Volume 580, August 2015
|Number of page(s)||12|
|Section||Cosmology (including clusters of galaxies)|
|Published online||20 July 2015|
New XMM-Newton observation of the Phoenix cluster: properties of the cool core
1 INAF, Osservatorio Astrofisico di Firenze, Largo Enrico Fermi 5, 50125 Firenze, Italy
2 INAF, IASF Milano, via E. Bassini 15, 20133 Milano, Italy
3 INAF, Osservatorio Astronomico di Bologna, viale Berti Pichat 6/2, 40127 Bologna, Italy
4 INFN, Sezione di Bologna, viale Berti Pichat 6/2, 40127 Bologna, Italy
5 INAF, Osservatorio Astronomico di Brera, via E. Bianchi 46, 23807 Merate, Italy
6 INAF, Osservatorio Astronomico di Trieste, via G.B. Tiepolo 11, 34131 Trieste, Italy
7 Università degli Studi di Ferrara, via Savonarola, 9 – 44121 Ferrara , Italy
8 European Space Astronomy Centre (ESAC), European Space Agency, Apartado de Correos 78, 28691 Villanueva de la Cañada, Madrid, Spain
9 National Center for Supercomputing Applications, University of Illinois at Urbana-Champaign, 1205 W. Clark St., Urbana, IL 61801, USA
10 Department of Astronomy, University of Illinois at Urbana-Champaign, W. Green Street, Urbana, IL 61801, USA
Received: 26 January 2015
Accepted: 25 May 2015
Aims. We present a spectral analysis of a deep (220 ks) XMM-Newton observation of the Phoenix cluster (SPT-CL J2344-4243). We also use Chandra archival ACIS-I data that are useful for modeling the properties of the central bright active galactic nucleus and global intracluster medium.
Methods. We extracted CCD and reflection grating spectrometer (RGS) X-ray spectra from the core region to search for the signature of cold gas and to finally constrain the mass deposition rate in the cooling flow that is thought to be responsible for the massive star formation episode observed in the brightest cluster galaxy (BCG).
Results. We find an average mass-deposition rate of Ṁ = 620 (−190 + 200)stat (−50 + 150)syst M⊙ yr-1 in the temperature range 0.3−3.0 keV from MOS data. A temperature-resolved analysis shows that a significant amount of gas is deposited at about 1.8 keV and above, while only upper limits on the order of hundreds of M⊙ yr-1 can be placed in the 0.3−1.8 keV temperature range. From pn data we obtain Ṁ = 210 (−80 + 85)stat (−35 + 60)syst M⊙ yr-1 in the 0.3−3.0 keV temperature range, while the upper limits from the temperature-resolved analysis are typically a factor of 3 lower than MOS data. No line emission from ionization states below Fe XXIII is seen above 12 Å in the RGS spectrum, and the amount of gas cooling below ~3 keV has a formal best-fit value Ṁ = 122-122+343 M⊙ yr-1. In addition, our analysis of the far-infrared spectral energy distribution of the BCG based on Herschel data provides a star formation rate (SFR) equal to 530 M⊙ yr-1 with an uncertainty of 10%, which is lower than previous estimates by a factor 1.5. Overall, current limits on the mass deposition rate from MOS data are consistent with the SFR observed in the BCG, while pn data prefer a lower value of Ṁ ~ SFR/ 3, which is inconsistent with the SFR at the 3σ confidence level.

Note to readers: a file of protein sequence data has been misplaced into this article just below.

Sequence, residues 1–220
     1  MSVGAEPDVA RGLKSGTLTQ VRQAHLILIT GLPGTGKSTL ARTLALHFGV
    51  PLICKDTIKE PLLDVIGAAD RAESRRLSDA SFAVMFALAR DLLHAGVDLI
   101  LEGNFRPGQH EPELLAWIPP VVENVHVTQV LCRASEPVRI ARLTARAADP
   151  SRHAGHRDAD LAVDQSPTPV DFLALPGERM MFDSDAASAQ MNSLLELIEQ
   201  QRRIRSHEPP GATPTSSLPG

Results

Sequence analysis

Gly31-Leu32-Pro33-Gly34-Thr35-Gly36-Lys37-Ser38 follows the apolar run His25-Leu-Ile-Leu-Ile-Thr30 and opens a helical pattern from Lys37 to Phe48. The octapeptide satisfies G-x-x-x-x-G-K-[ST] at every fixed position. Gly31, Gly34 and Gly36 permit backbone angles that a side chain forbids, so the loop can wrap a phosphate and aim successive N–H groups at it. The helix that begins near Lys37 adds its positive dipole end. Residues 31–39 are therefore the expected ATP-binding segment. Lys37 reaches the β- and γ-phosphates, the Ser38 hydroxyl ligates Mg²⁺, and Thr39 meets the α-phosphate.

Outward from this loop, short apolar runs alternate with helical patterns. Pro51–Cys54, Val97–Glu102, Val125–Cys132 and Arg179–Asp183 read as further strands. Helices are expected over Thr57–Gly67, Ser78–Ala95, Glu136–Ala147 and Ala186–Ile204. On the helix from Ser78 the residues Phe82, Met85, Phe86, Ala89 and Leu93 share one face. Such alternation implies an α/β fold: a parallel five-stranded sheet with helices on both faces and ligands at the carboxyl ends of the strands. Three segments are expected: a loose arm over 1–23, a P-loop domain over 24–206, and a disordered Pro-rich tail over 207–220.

Conclusions. Current data are able to firmly identify a substantial amount of cooling gas only above 1.8 keV in the core of the Phoenix cluster. At lower temperatures, the upper limits on Ṁ from MOS and pn data differ by a factor of 3. While the MOS data analysis is consistent with values as high as Ṁ ~ 1000 within 1σ, pn data provide Ṁ < 500 M⊙ yr-1 at 3σ confidence level at a temperature below 1.8 keV. At present, this discrepancy cannot be explained on the basis of known calibration uncertainties or other sources of statistical noise.
Key words: galaxies: clusters: individual: SPT-CL J2344-4243 / galaxies: clusters: intracluster medium / X-rays: galaxies: clusters
© ESO, 2015
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